WASHINGTON, D.C. – U.S. Senators Rob Portman (R-OH) and Chris Murphy (D-CT) announced that their Countering Disinformation and Propaganda Act – legislation designed to help American allies counter foreign government propaganda from Russia, China, and other nations – has been signed into law as part of the FY 2017 National Defense Authorization Act (NDAA) Conference Report. The bipartisan bill, which was introduced by Senators Portman and Murphy in March, will improve the ability of the United States to counter foreign propaganda and disinformation from our enemies by establishing an interagency center housed at the State Department to coordinate and synchronize counter-propaganda efforts throughout the U.S. government. To support these efforts, the bill also creates a grant program for NGOs, think tanks, civil society and other experts outside government who are engaged in counter-propaganda related work. This will better leverage existing expertise and empower our allies overseas to defend themselves from foreign manipulation. It will also help foster a free and vibrant press and civil society overseas, which is critical to ensuring our allies have access to truthful information and inoculating people against foreign propaganda campaigns.
“Our enemies are using foreign propaganda and disinformation against us and our allies, and so far the U.S. government has been asleep at the wheel,” Portman said. “But today, the United States has taken a critical step towards confronting the extensive, and destabilizing, foreign propaganda and disinformation operations being waged against us by our enemies overseas. With this bill now law, we are finally signaling that enough is enough; the United States will no longer sit on the sidelines. We are going to confront this threat head-on. I am confident that, with the help of this bipartisan bill, the disinformation and propaganda used against us, our allies, and our interests will fail.”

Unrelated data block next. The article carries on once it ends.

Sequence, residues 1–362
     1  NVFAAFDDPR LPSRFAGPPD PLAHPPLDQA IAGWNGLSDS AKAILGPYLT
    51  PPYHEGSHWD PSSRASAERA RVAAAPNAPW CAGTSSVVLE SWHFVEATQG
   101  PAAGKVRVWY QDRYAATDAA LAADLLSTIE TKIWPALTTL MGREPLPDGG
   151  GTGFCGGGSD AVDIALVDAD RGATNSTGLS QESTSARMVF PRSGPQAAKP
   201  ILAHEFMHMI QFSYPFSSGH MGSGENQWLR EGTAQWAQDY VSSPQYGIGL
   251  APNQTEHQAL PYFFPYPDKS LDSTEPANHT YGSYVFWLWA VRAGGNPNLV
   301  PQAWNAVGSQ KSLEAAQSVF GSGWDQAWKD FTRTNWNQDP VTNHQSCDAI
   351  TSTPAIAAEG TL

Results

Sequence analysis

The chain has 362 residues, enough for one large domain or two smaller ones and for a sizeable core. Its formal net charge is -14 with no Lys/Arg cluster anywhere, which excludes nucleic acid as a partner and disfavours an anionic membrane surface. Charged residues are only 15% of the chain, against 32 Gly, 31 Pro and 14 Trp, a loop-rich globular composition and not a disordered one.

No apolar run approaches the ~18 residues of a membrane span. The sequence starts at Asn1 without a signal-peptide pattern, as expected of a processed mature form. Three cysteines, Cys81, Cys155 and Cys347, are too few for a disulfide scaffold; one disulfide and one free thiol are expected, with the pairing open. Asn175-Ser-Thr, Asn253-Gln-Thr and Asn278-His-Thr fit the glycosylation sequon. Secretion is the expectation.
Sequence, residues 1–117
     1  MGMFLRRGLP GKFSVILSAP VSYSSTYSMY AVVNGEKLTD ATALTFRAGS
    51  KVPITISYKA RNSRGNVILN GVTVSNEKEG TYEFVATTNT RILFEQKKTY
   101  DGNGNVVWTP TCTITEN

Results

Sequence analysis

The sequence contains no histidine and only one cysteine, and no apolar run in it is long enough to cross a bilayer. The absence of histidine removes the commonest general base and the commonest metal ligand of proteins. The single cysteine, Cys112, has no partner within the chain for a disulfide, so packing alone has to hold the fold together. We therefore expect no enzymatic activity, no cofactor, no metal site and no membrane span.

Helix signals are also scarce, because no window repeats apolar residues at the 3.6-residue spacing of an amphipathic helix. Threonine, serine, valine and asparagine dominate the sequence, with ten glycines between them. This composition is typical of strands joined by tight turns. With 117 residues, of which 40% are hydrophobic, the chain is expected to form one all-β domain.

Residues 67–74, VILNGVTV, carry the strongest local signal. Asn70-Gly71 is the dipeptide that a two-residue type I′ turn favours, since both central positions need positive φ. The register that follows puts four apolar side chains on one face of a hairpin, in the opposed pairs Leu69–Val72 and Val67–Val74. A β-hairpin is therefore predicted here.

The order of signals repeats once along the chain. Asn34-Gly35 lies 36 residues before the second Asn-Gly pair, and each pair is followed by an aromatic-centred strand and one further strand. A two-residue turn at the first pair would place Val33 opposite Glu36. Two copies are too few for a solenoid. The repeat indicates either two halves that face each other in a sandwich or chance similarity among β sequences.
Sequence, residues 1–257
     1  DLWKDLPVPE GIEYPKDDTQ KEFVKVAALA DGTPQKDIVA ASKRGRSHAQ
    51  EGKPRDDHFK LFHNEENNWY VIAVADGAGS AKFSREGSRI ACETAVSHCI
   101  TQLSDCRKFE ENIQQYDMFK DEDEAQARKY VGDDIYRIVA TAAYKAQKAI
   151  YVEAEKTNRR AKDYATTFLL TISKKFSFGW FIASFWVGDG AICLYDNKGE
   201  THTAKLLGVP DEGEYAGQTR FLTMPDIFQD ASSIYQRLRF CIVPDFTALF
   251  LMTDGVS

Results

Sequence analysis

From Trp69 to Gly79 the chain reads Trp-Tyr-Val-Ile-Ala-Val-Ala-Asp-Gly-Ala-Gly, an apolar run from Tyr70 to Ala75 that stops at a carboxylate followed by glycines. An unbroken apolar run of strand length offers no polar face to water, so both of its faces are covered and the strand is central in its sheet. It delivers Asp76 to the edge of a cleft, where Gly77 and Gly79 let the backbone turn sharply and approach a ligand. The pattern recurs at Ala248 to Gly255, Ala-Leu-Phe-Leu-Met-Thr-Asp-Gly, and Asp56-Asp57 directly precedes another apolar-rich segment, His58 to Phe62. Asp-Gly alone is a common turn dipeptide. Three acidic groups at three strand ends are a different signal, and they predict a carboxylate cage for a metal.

“The use of propaganda to undermine democracy has hit a new low. But now we are finally in a position to confront this threat head on and get out the truth. By building up independent, objective journalism in places like eastern Europe, we can start to fight back by exposing these fake narratives and empowering local communities to protect themselves,” said Murphy. “I’m proud that our bill was signed into law, and I look forward to working with Senator Portman to make sure these tools and new resources are effectively used to get out the truth.”
NOTE: The bipartisan Countering Disinformation and Propaganda Act is organized around two main priorities to help achieve the goal of combatting the constantly evolving threat of foreign disinformation from our enemies:
· The first priority is developing a whole-of-government strategy for countering THE foreign propaganda and disinformation being wages against us and our allies by our enemies. The bill would increase the authority, resources, and mandate of the Global Engagement Center to include state actors like Russia and China as well as non-state actors. The Center will be led by the State Department, but with the active senior level participation of the Department of Defense, USAID, the Broadcasting Board of Governors, the Intelligence Community, and other relevant agencies. The Center will develop, integrate, and synchronize whole-of-government initiatives to expose and counter foreign disinformation operations by our enemies and proactively advance fact-based narratives that support U.S. allies and interests.
· Second, the legislation seeks to leverage expertise from outside government to create more adaptive and responsive U.S. strategy options. The legislation establishes a fund to help train local journalists and provide grants and contracts to NGOs, civil society organizations, think tanks, private sector companies, media organizations, and other experts outside the U.S. government with experience in identifying and analyzing the latest trends in foreign government disinformation techniques. This fund will complement and support the Center’s role by integrating capabilities and expertise available outside the U.S. government into the strategy-making process. It will also empower a decentralized network of private sector experts and integrate their expertise into the strategy-making process.